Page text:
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Figure 2: Bilateral globus pallidus calcification

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Figure 3: Bilateral globus pallidus calcification

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Table 1: Laboratory parameters

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   Discussion Top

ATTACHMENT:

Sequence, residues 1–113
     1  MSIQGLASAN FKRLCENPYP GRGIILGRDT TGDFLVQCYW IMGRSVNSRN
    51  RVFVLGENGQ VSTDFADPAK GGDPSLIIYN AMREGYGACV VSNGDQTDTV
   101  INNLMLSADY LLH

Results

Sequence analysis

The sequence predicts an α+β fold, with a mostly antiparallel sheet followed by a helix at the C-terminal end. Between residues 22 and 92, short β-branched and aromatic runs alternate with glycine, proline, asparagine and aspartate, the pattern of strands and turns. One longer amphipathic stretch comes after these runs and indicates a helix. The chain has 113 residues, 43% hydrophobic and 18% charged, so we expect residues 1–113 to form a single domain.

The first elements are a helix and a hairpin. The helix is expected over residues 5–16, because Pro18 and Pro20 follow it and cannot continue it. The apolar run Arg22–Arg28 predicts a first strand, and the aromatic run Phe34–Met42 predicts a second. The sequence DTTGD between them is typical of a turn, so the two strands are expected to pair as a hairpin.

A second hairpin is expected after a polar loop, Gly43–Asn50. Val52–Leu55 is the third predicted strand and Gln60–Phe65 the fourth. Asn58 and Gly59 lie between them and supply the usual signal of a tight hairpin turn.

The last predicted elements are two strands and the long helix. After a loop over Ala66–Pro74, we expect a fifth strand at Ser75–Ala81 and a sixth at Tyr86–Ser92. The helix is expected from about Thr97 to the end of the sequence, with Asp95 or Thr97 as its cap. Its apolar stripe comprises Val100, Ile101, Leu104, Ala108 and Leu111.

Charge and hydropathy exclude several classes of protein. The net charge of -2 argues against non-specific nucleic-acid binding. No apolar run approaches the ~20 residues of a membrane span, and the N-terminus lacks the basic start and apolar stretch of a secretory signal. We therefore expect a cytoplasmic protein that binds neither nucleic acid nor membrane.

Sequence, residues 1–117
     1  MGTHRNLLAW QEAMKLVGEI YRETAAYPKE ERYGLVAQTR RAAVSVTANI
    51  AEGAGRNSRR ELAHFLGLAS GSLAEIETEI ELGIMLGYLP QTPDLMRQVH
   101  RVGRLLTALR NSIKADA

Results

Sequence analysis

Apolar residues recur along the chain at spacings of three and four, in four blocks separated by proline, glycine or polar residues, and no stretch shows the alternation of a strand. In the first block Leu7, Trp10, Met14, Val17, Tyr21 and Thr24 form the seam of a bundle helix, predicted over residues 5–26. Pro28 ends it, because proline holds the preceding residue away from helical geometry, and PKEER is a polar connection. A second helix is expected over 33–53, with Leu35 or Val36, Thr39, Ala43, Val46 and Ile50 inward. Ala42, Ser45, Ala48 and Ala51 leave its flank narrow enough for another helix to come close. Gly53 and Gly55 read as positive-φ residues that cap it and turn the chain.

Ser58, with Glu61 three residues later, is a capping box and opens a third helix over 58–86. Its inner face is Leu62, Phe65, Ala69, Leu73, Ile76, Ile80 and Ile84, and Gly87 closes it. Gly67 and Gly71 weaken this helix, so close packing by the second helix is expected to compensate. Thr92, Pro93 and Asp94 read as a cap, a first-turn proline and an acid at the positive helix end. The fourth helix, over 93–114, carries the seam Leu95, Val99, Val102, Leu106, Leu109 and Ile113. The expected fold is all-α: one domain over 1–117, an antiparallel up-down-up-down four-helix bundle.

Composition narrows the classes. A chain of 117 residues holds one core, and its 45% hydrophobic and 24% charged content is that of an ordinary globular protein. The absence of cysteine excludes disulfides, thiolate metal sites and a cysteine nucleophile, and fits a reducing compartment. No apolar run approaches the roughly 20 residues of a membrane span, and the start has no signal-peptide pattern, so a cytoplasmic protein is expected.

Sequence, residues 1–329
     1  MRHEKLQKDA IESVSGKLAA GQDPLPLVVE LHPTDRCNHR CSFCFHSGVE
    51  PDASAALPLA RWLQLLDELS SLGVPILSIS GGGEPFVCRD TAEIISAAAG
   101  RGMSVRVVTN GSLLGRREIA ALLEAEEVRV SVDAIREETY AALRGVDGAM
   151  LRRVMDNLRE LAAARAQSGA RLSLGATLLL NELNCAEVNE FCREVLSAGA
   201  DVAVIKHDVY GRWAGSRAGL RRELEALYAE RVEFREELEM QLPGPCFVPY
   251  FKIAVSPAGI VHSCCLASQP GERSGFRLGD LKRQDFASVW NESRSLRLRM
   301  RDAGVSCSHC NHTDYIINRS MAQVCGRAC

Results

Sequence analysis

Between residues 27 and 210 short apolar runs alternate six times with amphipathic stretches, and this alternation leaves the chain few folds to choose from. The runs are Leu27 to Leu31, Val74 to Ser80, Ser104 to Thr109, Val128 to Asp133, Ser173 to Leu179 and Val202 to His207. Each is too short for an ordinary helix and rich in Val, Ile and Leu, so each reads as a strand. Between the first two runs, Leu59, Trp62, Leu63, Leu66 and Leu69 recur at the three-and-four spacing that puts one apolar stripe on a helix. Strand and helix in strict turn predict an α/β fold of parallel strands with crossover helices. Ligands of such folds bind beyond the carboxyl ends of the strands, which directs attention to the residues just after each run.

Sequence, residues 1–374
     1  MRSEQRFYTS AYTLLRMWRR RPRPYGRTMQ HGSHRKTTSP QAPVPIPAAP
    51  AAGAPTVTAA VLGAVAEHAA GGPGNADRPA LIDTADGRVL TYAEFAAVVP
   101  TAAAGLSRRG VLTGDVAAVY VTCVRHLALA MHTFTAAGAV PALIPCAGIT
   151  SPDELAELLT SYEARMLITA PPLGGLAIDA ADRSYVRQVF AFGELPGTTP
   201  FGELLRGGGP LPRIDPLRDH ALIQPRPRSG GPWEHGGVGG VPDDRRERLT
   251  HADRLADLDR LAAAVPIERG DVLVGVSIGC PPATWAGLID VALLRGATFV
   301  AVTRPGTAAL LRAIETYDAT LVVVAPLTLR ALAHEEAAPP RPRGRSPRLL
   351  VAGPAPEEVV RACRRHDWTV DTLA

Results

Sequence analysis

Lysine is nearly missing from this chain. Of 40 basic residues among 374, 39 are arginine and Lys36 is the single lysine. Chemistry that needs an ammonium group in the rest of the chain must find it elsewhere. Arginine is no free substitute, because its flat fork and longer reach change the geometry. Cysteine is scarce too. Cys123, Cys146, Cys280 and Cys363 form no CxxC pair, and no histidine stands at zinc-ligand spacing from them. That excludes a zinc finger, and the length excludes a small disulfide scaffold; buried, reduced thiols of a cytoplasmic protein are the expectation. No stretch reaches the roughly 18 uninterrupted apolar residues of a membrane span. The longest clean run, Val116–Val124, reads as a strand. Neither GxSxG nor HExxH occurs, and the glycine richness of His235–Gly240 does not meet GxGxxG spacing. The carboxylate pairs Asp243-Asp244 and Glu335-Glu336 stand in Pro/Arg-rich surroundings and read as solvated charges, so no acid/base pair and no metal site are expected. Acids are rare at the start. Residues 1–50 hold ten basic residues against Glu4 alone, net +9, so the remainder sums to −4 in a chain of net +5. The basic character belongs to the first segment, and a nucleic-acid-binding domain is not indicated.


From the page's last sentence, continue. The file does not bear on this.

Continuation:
Hypocalcemia is an important cause of seizures in newborn. The cause of hypocalcemia in our patient was idiopathic hypoparathyroidism: A rare disorder characterized by low calcium, high phosphorus, and low serum PTH concentration in the absence of renal impairment, malabsorption, and any previous history of neck surgery or irradiation. [4] Idiopathic hypoparathyroidism is an important cause of basal ganglia calcification; the association was first noticed by Eaton et al. in 1939. [7] However, with the availability of advanced imaging techniques such as CT and MRI, the incidence of basal ganglia calcification has increased. [8] Basal ganglia calcification occurs in 73.8% patients with idiopathic hypoparathyroidism as was observed by Goswami et al. Who also found that basal ganglia calcification has direct correlation with duration of hypocalcemia, choroid plexus calcification, seizures, and cataract. It was further observed that critical duration associated with the occurrence of basal ganglia calcification was 4 years. [3] This was unlike our patient in whom the calcification was seen at a very young age of 6 months suggesting that not only duration of hypocalcemia but various other undetermined genetic and intrauterine factors may be influencing basal ganglia calcification. In another study by Illum and Dupont basal ganglia calcification in idiopathic hypoparathyroidism was seen in 69% of patients. [8] The median age of CT finding in his study was 43 years (range: 12-71 years). Though basal ganglia calcification occurs with increased frequency in hypoparathyroidism and pseudohypoparathyroidism, other clinical conditions associated with pathological basal ganglia calcification include infective and metabolic causes such as hypoxia, hypoglycemia, carbon monoxide poisoning, hemolytic uremic syndrome, toxoplasmosis, cytomegalovirus infection, congenital rubella, chicken pox, and acquired immune deficiency syndrome. [1],[3] Physiological basal ganglia calcification is encountered in 0.3-1.5% cases. [1],[9],[10]